I have, by my most faithful belief, been leant a truly magnificent child. It is she, alone, who confirms my faith in God because she is, in the true sense of the word, awesome. Flat out. In every aspect of her little being. She is kind and courteous. Loving and caring. She has a sense of humour to rival the majority of adults with whom I'm forced to interact. She's witty. She has not one mean bone in her body. And, generally, she listens to her Mom.
The other day I found our humble abode devoid of a single tea bag. I like tea. A lot. So when the tea is finished, I am in my car quicker than grease lightening. And I'm in a tea-selling store in whatever attire I happen to find myself when the disaster strikes. On said day, I was possibly looking my least fine.
I've been on exceptionally long leave, again, and so have spent much of my time in "home kit". "Home kit" is very similar in concept to the period panties: Old - so much so that fabric and elastic are worn away so that the efficacy of any garment functions purely on a lottery-type gamble. Baggy, because figure hugging clothing allows one to witness the new pregnant-looking (not being, I might add) stomach made possible by the Easter Bunny. And fugly - because kit this comfy could only have been made in the mid-90's and been worn pretty much every day since.
And not a drop of make-up. Not one teeny tiny smidgen. Not even left over eye make-up from the evening previous.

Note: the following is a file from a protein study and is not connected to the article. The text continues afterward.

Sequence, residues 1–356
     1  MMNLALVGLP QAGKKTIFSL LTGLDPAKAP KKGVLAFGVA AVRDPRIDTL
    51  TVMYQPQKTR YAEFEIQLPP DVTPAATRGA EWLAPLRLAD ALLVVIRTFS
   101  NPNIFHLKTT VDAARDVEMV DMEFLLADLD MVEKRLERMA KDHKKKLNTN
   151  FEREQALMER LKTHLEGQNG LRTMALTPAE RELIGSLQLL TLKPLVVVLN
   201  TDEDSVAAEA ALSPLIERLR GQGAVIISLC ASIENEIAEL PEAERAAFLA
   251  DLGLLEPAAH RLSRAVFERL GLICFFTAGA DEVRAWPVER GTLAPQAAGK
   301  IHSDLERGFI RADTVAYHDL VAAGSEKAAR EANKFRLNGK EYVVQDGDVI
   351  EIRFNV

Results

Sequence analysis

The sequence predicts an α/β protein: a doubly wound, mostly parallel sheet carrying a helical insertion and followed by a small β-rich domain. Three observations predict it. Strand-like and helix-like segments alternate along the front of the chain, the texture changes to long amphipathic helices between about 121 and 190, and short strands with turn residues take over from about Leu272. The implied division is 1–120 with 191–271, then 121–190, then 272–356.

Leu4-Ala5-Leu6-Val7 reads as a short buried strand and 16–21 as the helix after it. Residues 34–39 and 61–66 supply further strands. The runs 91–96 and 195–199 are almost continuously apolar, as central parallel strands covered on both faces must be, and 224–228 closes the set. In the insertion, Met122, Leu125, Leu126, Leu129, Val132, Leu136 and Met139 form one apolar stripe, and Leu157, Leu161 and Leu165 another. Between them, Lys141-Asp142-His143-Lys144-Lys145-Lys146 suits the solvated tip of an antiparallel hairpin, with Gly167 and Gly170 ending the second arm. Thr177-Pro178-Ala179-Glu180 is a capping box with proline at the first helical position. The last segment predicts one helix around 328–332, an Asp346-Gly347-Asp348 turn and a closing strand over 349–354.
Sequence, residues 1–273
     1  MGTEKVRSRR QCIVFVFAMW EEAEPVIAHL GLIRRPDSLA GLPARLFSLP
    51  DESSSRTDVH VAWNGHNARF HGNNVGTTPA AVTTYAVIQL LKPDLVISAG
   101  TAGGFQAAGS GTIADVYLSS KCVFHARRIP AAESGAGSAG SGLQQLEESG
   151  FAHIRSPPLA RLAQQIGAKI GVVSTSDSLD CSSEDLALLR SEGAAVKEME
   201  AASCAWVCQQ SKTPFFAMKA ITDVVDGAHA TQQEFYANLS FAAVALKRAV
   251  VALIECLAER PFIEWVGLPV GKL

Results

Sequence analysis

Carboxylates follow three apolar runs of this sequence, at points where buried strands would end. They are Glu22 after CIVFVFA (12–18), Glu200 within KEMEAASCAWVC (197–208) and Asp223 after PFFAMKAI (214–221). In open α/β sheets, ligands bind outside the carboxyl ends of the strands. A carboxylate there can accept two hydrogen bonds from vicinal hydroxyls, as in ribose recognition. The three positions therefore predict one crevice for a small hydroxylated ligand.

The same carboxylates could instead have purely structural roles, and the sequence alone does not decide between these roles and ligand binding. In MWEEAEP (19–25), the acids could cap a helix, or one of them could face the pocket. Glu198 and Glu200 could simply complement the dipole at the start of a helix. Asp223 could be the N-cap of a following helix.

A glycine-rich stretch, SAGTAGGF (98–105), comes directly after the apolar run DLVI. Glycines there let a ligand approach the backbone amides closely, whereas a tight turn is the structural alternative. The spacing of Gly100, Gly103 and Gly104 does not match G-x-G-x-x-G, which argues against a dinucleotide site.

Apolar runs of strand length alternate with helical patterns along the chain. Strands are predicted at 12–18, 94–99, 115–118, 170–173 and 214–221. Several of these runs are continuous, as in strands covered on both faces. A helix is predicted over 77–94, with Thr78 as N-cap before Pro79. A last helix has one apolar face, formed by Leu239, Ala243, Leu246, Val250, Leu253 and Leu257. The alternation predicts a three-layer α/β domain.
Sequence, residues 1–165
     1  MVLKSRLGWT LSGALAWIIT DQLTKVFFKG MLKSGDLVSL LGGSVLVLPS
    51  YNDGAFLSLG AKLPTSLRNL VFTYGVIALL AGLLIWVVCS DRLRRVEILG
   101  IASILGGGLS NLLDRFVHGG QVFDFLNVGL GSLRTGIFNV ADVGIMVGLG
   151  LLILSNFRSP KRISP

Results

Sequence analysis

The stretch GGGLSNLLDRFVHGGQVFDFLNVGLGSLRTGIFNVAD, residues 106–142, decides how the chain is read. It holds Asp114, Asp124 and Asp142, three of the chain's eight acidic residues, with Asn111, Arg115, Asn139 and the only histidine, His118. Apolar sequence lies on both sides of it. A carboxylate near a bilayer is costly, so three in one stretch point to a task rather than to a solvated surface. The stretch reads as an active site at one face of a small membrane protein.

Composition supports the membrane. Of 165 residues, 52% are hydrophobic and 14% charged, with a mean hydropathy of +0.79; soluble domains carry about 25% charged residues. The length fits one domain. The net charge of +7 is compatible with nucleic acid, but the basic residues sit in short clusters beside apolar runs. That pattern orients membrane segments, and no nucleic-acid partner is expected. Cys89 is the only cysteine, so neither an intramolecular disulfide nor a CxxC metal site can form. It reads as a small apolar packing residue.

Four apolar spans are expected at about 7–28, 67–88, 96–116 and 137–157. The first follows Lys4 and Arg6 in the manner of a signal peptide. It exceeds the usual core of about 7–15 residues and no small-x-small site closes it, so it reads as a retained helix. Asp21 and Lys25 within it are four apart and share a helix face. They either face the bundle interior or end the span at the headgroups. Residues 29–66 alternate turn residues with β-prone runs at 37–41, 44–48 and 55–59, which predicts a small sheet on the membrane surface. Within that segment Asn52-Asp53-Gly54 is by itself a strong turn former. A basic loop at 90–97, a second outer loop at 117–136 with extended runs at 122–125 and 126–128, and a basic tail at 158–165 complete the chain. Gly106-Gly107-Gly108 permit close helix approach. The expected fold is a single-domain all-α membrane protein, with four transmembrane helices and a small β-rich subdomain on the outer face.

Anyway, I was looking like a right poor white. And so was The Daughter. (She likes playing dress-up - which translates into: the-teaming-of-highly-unflattering-and-slightly-too-short-garments-in-an-extremely-mismatched-fashion-to-piss-my-mother-off.) We would not have looked out of place at Walmart.
And because we looked so scruffy, I chose (of course) to go to possibly the hoitty-toittiest Woolies in Durban. Obviously.
So there I was, trying to be obscure. I adopted the slouched shoulder posture of many a street-dwelling bag lady, and tried with earnest commitment to hide my face amongst packaged yoghurts or individually sealed baked goods when a hottie hot pants walked past. I'd forbidden The Daughter from in-store conversation - we're not always aware of how loud our voices can be and so I didn't want to take any chances of possibly drawing attention to ourselves.
All was going well. Apart from sniggering teenage girls, I thought we'd achieved shop-side anonymity better than had been expected. And the operative word is thought.
I was in the (insanely, effing) long queue, immersed in a You magazine (ahem, only to hide the face), when a woman behind me started giggling. I lowered the magazine sufficient to allow my shifty eyes to soak in the object from which this woman derived such pleasure. And then I saw her: The Daughter, with her finger stuck so far up one nostril that only the elbow on the same arm was visible.
The Pant: (in an urgent hushed tone) Stop it!
The Daughter: (in a less hushed tone) What?
TP: (more urgent, as hushed) Stop picking your nose. It's disgusting.
TD: (louder now) But I've got a snolly and it's bothering me.
TP: (with a tone I thought might scare the bejesus out of her) Stop. It. Now. Do that at home. It's revolting.
TD: (with a volume I thought was only possible with the lubrication of several thousand tequilas) But I'm not going to eat it!
It's fair to say that at that moment, The Daughter was indeed lucky that a) I love her and b) she's so many different types of kiff. Because if she'd been a friend, she'd have been ceremoniously de-friended.